Sporting Life

Overlooked Morocco have given us an invaluable gift

As Morocco's football team ascends, so does its fans. PHOTO: REUTERS

This much we know, the underdogs in boots will run all night. The longshots from Morocco won’t stop against France. The resolute outsiders will endure. They come from North Africa, where hard journeys on foot are part of their tradition.

In the stands on Wednesday night might be sitting a Moroccan who never quit. Hicham El Guerrouj was a middle-distance mystic, who travelled a rough road from Olympic heartbreak to heroism. He fell in the 1,500m in Atlanta 1996, was overtaken right at the finish in Sydney 2000, then won the 1,500m and 5,000m gold in Athens 2004. El Guerrouj said then, “I have marked history at my moment in time”.

Now it is the footballers’ turn.

They are the overlooked, the unexpected, the revelation of this Cup. They, No. 22 in the Fifa rankings, are conquerors of Belgium (No. 2), Spain (No. 7) and Portugal (No. 9). They’re Rocky’s cousins from another continent who stubbornly refuse to know their place. But then they’re just following in formidable footsteps.

Back in 1983, Nawal El Moutawakel, daughter of a judoka and a volleyball player from Casablanca, went to study at Iowa State University. Her father Mohamed, her great advocate, was killed in a car accident just after she left but no one told her for over a month as she trained. Months later the 400m hurdler from Morocco became the first African, Arab and Muslim woman to win Olympic gold.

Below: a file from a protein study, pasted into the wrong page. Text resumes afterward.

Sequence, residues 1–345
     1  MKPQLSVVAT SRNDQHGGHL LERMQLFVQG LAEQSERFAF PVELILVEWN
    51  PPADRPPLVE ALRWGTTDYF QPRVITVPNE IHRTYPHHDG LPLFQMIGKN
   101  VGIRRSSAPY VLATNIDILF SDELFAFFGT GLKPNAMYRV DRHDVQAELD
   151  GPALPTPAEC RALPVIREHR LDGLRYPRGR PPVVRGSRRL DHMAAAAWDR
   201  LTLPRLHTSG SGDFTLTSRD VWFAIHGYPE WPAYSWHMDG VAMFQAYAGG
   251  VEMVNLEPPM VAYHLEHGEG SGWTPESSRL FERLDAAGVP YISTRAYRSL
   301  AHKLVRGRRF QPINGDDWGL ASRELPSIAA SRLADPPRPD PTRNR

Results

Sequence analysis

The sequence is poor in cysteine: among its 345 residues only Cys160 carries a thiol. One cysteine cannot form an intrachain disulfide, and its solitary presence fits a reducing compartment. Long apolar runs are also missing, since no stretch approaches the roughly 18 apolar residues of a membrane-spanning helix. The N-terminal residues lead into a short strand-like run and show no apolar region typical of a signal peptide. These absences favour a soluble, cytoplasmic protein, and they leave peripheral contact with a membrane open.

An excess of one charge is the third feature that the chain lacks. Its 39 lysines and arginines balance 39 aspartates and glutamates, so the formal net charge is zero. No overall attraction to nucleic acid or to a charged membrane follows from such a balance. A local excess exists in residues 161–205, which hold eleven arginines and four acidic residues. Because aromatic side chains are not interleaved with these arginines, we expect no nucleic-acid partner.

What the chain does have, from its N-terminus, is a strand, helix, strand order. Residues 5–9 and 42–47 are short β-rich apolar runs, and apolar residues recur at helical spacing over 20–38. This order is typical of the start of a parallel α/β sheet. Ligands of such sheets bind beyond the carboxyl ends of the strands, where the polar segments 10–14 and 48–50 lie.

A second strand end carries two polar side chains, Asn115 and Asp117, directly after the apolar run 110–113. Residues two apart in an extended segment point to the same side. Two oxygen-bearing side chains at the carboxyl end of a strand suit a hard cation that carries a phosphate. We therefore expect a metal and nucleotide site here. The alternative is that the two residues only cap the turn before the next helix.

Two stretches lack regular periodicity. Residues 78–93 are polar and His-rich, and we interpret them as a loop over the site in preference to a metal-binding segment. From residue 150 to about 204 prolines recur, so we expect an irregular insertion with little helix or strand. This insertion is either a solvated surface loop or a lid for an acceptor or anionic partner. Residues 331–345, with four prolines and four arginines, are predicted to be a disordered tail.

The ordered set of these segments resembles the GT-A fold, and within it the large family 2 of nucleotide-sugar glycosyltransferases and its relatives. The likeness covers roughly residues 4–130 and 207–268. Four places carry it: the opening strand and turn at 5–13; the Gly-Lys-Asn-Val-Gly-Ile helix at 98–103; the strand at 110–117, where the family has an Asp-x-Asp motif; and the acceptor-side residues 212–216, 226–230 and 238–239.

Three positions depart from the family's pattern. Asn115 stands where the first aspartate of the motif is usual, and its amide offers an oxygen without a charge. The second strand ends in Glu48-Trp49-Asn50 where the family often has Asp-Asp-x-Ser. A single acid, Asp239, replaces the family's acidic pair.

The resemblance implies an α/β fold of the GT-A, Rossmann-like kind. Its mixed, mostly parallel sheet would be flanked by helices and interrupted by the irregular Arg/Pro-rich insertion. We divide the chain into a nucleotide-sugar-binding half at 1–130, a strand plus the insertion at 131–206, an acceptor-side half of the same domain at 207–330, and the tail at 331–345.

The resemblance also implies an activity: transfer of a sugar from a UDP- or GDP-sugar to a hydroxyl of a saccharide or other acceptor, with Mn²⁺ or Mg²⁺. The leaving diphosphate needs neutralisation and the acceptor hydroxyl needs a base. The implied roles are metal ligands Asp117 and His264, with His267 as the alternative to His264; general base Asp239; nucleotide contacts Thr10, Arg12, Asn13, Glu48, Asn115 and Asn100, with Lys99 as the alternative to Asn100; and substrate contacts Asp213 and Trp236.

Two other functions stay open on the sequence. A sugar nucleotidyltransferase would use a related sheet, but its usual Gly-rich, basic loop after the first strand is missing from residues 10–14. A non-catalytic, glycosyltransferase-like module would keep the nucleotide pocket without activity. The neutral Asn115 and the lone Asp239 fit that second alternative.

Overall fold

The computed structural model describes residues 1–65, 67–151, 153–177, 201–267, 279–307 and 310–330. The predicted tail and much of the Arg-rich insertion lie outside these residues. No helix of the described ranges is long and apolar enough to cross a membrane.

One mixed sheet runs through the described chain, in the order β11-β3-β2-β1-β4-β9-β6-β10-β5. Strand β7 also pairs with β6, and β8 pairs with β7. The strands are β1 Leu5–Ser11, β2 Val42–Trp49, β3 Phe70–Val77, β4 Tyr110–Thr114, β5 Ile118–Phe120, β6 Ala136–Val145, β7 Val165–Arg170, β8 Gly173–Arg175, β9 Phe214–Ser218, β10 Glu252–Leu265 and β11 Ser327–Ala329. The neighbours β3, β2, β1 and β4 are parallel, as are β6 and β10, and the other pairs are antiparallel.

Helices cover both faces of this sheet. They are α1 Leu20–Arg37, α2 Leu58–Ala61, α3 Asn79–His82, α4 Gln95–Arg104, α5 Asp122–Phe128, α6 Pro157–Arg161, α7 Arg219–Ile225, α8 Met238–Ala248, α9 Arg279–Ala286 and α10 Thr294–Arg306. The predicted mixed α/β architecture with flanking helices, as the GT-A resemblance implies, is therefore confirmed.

“Ladies,” El Moutawakel reportedly said later, “with and without the veil told me I’d liberated them”. The footballers are doing their own liberating. They’re freeing their nation and region and continent from doubt and sparking a noisy love affair. Yes, they can play, they can scrap, they can even contend.

North Africans rule in squash (six of the men’s top 10 and three of women’s top five are Egyptian) and are raising a smile in tennis (Tunisia’s Ons Jabeur is world No. 2), but football is the continent’s fascination. In 1986, when Moroccan goalkeeper Zaki Badou was saving brilliantly from Karl-Heinz Rummenigge, they became the first African and Arab team to reach the round of 16. Now they’re dreaming of a final at least.

If we’re surprised by Morocco then we’re also relieved because football has become predictable. Same teams, same tired script. In club football, a handful of teams contend in England, Real Madrid and Barcelona rule Spain and three clubs (Inter Milan, Juventus, AC Milan) have dominated the last 20 years in Italy.

The World Cup has been a similarly closed club, where in 92 years the winners have come from only two continents and till this Cup only one Asian team and no African team had reached the semi-finals. Merit is the essence of sport but this has made for a lopsided history.

And so Morocco’s feat has been overdue, refreshing and valuable. They haven’t merely knocked, they’ve kicked down the door to the Cup’s inner sanctum and sent ripples of hope across the African landscape. North African kids might adore Lionel Messi, but there is a magical dimension to having a hero who looks just like you and has a name just like yours.

What power does sport have, people wonder, and Morocco has shown us. A feat binds folks, unleashes joy, stirs belief, lifts the gloom and kindles possibility. It might have a temporary beauty, like a star scorching across the sky and disappearing, or perhaps something meaningful will take root.

We shall see, for the underdog’s adventure is unfinished. A superior, polished, Mbappe-powered France awaits but as El Moutawakel would tell her compatriots, it’s not about the enormity of the challenge but the size of their dream.

In 1984, after all, she cleared every obstacle. And she’s only 154cm.

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